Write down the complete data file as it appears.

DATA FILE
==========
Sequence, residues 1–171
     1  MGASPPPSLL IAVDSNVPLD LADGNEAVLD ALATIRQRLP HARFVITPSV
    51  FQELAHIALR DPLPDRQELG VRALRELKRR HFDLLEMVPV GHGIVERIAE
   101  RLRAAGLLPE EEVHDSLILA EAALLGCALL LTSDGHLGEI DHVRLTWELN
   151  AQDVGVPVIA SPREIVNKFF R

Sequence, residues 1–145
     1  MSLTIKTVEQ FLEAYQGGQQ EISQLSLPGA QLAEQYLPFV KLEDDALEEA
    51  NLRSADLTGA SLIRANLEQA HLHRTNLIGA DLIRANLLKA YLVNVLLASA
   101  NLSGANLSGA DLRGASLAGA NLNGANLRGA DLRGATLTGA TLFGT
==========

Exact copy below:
Sequence, residues 1–171
     1  MGASPPPSLL IAVDSNVPLD LADGNEAVLD ALATIRQRLP HARFVITPSV
    51  FQELAHIALR DPLPDRQELG VRALRELKRR HFDLLEMVPV GHGIVERIAE
   101  RLRAAGLLPE EEVHDSLILA EAALLGCALL LTSDGHLGEI DHVRLTWELN
   151  AQDVGVPVIA SPREIVNKFF R

Sequence, residues 1–145
     1  MSLTIKTVEQ FLEAYQGGQQ EISQLSLPGA QLAEQYLPFV KLEDDALEEA
    51  NLRSADLTGA SLIRANLEQA HLHRTNLIGA DLIRANLLKA YLVNVLLASA
   101  NLSGANLSGA DLRGASLAGA NLNGANLRGA DLRGATLTGA TLFGT